The point of view within which the photograph is taken is also very important. Suggesting the appropriation of the other through the photographic process, “Prise de vue” is a term loaded with power-related connotations. As a result of a specific prise de vue there ensues an objectification process of the subject portrayed, which leads to its dissolution. Voyeurism and its consequences on the objectification of the female body is very much present in Messager’s art as early as 1972. In Voluntary Tortures, Messager groups and collects illustrations of women submitting to beauty treatments ranging from facial peels to mud baths to more painful plastic surgeries. Here the artist comments on the subjugation of the self to socially defined standards of beauty and on the restrictions imposed on the female gender role in the eyes of socially pre-defined structures.

Messager uses photography to re-frame and re-present the subject in new contexts. To counter the seriality of photography’s mechanistic processes, Messager often paints and draws over the images. My Trophies (1984), which presents photographs of the underside of two feet, are drawn with a decorative technique resembling that of tattoo art or what has been referred to as medieval manuscript illumination. Again, through plays of scale and fragmentation, the body is abstracted and estranged from the rules of conformity and normalcy.

Taxidermic impulses are omnipresent in Messager’s work. Using mostly small animals such as birds and squirrels which are assembled into playful processions, the artist conveys the fragility of being and the importance of maintaining one’s full identity. Taxidermy, as a critical technique, is closely related to photography. Messager points out that both freeze motion and extend presence: “For me, taxidermy and photography are the same thing. Taxidermy takes an animal and freezes it, dead, yet alive forever. Photography also freezes, 1/60 of a second forever.” While the reproducibility inherent in photography tends to dispel the auratic traces left upon art, taxidermy may be said to retrieve and preserve this aura. One may understand Messager’s use of taxidermy as a challenge to art based in reproduction, which destroys the sense of uniqueness, approachability, authenticity and rootedness in life.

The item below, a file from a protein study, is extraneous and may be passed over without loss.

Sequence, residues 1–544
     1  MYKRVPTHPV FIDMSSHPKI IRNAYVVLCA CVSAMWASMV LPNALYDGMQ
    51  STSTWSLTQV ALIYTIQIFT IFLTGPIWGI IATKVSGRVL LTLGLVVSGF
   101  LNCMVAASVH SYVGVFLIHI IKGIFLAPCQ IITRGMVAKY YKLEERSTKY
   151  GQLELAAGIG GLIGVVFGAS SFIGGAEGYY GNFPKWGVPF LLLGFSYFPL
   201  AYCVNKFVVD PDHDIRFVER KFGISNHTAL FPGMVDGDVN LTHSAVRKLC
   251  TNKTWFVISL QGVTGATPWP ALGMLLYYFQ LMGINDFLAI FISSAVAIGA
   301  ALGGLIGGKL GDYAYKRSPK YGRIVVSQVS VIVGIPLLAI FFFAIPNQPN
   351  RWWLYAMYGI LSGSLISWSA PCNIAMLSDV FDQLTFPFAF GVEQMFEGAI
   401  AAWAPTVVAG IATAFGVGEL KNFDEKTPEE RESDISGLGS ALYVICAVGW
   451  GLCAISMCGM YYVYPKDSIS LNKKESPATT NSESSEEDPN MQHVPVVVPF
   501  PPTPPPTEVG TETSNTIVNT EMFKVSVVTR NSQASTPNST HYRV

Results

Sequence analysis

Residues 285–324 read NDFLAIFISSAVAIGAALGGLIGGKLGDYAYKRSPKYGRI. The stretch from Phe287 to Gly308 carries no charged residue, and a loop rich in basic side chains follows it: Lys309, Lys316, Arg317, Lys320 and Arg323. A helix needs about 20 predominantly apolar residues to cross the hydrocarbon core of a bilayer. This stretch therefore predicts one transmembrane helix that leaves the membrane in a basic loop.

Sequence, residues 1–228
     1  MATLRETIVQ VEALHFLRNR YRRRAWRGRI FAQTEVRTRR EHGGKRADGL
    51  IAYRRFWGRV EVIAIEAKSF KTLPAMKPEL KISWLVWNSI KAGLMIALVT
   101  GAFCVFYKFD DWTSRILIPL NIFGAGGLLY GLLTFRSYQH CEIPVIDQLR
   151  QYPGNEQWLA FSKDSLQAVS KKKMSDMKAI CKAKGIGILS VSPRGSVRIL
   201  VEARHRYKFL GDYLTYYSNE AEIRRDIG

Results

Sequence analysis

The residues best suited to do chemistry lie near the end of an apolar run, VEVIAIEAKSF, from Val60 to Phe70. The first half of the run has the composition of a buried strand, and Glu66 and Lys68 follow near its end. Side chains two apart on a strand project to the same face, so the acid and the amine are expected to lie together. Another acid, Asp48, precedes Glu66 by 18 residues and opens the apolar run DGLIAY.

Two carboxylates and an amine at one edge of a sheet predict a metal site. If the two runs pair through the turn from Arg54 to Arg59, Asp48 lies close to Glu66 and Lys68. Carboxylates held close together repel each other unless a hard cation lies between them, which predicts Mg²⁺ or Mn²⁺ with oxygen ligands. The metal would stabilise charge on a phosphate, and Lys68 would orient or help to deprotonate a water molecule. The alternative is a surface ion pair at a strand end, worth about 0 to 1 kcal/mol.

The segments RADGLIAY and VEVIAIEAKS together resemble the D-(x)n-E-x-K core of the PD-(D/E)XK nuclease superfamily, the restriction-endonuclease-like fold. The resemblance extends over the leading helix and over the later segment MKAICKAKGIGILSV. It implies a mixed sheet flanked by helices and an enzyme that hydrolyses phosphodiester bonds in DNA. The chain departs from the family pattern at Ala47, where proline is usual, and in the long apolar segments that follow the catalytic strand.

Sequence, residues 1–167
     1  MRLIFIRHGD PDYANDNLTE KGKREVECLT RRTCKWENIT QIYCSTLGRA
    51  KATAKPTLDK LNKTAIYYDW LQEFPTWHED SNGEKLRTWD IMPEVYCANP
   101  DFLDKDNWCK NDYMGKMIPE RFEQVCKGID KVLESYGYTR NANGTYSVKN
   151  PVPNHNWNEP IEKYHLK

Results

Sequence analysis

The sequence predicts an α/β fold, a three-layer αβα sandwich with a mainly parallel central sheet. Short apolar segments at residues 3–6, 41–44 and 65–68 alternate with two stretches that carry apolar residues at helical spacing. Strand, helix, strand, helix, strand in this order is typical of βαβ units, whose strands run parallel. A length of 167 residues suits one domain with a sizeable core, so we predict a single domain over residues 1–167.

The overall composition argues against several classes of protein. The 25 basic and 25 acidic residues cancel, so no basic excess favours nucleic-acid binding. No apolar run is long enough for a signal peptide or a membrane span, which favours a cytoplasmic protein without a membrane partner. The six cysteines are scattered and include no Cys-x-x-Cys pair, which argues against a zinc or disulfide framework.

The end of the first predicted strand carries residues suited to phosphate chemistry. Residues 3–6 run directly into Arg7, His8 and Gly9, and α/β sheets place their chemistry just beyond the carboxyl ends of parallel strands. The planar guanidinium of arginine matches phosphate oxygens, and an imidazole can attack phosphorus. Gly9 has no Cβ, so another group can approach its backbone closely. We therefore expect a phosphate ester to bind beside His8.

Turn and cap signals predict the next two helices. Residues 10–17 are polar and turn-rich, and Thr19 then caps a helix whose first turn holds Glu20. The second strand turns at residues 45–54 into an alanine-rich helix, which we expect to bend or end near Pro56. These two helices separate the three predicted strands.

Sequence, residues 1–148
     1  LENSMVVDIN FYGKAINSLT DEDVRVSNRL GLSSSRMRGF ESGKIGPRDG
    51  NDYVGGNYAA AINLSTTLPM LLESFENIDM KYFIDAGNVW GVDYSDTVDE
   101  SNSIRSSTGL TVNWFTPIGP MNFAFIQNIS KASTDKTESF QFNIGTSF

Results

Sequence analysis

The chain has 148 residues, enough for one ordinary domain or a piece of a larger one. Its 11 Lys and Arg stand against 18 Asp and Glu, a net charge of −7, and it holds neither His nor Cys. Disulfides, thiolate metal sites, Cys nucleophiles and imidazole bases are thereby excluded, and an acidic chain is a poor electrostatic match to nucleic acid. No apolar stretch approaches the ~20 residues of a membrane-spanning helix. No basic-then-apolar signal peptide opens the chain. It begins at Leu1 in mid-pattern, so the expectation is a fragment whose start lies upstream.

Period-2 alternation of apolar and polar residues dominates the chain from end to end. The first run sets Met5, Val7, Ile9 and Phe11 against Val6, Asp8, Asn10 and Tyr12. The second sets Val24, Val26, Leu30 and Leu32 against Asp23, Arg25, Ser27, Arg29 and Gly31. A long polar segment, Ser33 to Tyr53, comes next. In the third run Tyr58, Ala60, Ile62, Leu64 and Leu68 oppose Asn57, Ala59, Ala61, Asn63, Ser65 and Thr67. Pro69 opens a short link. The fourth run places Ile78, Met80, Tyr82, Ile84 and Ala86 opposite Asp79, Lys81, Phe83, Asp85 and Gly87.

One of the more recent installations, Penetration (1993-4), presents a room filled with anatomical organs of various colours and scales, made of hand-sewn fabric recalling stuffed toys, hanging by strings of delicate yarn. A sense of authenticity pervades this work by virtue of the fact that the objects are crafted by hand, and not precisely reproducible. While these handmade objects are abstract and diagrammatic, thus maintaining a perceptual distance with the subject, the aura of the work is regained by collapsing the gap which separates us from the unique. Viewers are subjected to a state of complete absorption and empathy, precisely because they are now situated within the body, and not just outside of it. There is a taxonomic process of rationalization exposed in Penetration which involves seeing what can normally not be seen. By cutting into the space of the body, Messager penetrates it and starts re-ordering it, re-organizing it.

Messager refuses representations of humanity based on a notion of a universal subject in a totalizing history. Her art is situated within a field of discursive investigations which explore subject/object relations. While most of the techniques used by the artist are inherited poststructuralist strategies, such as fragmentation, perceptual estrangement, discontinuity and structural differentiation of the subject, her discourse is one which is very much in tune with the de-centralized body of the late twentieth century.